On the pond I found lots of Canada Geese and a few mallards swimming around. A Green Heron flew by, and a Belted Kingfisher plunged into the water to catch a fish. I wasn’t surprised to hear both a Swamp Sparrow and a Red-winged Blackbird singing somewhere across the pond, and a few more Swamp Sparrows were chipping in the reeds near the boardwalk.
I did pretty good with the mammals at Sarsaparilla, seeing a total of five species. As usual, American Red Squirrels, Eastern Gray Squirrels and Eastern Chipmunks were all busy running around and gathering food for the winter. As I was walking along the inner loop, I heard a strange noise coming from the tree tops. It sounded like a cross between a crow and a Green Heron, and I wasn’t sure what it was or where it was coming from until I saw this porcupine ambling along the forest floor.
The sound was coming from the tree tops, however, and when the porcupine started climbing the tree the calls got louder. When I looked up, I spotted another porcupine half-hidden among the foliage!
I have never heard a porcupine before, so I shot some video. In the background you can hear a flock of chickadees and the constant drone from the construction going on along Old Richmond Road (yes, they were there even at 9:00 on a Saturday morning).
Porcupines are well-known for their tree-climbing abilities, though the amount of time they spend in trees is related to the amount of ground cover that is available. The less ground cover there is – for example, in places where over-abundant deer populations have denuded the vegetation – the less time they spend on the ground. This is because porcupines use ground cover for foraging and for protection against predators. Most porcupine predators (coyotes, wolves, bobcats, mountain lions and lynx) are non-arboreal; thus the higher the density of these predators, the more time porcupines spend in trees.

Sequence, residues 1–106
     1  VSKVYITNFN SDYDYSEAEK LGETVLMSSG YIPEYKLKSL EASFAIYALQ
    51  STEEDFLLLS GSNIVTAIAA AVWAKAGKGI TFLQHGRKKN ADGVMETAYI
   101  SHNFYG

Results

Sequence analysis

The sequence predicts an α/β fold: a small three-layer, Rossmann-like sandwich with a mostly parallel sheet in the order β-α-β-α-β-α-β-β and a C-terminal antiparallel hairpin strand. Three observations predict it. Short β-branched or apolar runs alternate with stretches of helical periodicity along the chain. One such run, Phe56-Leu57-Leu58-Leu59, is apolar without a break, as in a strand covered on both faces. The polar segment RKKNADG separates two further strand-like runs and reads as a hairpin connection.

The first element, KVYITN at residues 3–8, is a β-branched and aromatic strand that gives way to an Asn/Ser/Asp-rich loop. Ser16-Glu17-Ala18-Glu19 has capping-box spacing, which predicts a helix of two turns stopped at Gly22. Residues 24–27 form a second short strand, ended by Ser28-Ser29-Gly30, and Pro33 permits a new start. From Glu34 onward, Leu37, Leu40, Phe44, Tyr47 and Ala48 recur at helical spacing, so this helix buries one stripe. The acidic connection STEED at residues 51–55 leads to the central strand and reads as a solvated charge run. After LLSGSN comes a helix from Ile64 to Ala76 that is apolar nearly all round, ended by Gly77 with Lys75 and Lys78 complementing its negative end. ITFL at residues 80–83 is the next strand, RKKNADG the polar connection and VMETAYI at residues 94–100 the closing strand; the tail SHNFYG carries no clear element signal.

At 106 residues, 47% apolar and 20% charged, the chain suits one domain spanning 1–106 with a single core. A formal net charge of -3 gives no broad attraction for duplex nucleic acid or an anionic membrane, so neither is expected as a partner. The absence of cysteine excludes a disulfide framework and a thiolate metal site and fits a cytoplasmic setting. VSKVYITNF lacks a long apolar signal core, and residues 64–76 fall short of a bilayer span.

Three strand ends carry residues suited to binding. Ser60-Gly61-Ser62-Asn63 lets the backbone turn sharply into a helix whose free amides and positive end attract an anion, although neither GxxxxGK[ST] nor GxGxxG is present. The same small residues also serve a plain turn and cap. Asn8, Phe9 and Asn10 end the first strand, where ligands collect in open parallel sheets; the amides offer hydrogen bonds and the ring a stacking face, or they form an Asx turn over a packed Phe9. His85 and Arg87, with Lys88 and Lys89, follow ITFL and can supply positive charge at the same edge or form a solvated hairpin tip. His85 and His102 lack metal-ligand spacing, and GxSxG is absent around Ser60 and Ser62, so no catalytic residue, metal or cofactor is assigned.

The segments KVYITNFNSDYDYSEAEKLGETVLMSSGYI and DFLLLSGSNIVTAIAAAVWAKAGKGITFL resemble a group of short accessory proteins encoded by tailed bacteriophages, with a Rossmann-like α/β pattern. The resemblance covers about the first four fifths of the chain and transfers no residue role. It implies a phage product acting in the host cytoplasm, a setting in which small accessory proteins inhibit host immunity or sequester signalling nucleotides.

Different trees are used for resting and for feeding. Hemlocks are valued over other conifers for their superior thermal protection, their dense foliage and higher nutritional value, and porcupines use them for both resting and feeding. In the winter, a porcupine may remain in the same tree for several days at a time!
Porcupines mate in the late summer and fall. Females vocalize to attract mates; males vocalize when competing with each other or defending territories. My guess it that both porcupines were males, and that the porcupine in the tree was telling the one on the ground to “back off”. This is the second time I’ve seen porcupines at Sarsaparilla this fall; before that, I haven’t seen any in a couple of years. It’s good to have them back again!
After the second porcupine ambled off into the woods I spotted not one, but four deer watching me from the opposite side of the trail. This was the fifth mammal species at Sarsaparilla Trail.
From there I drove over to Mud Lake. There were fewer migrants around than usual, but I did see my first White-crowned Sparrows of the fall and heard a couple of White-throated Sparrows and a Chipping Sparrow trying to sing! I ran into Dave and Bev at the point, and they pointed out the adult Sabine’s Gull floating on the river quite a distance away. Chris Lewis joined us a little later, and after getting our fill of the Sabine’s Gull she and I spent some time birding afterward. We didn’t see much; our best finds of the morning were a Northern Water Snake on the ridge and a mink on Cassels Street! It paused in the middle of the road before running toward the lake and disappearing into the vegetation.
It was a great day for mammals….and the Sabine’s Gull was a real treat, too!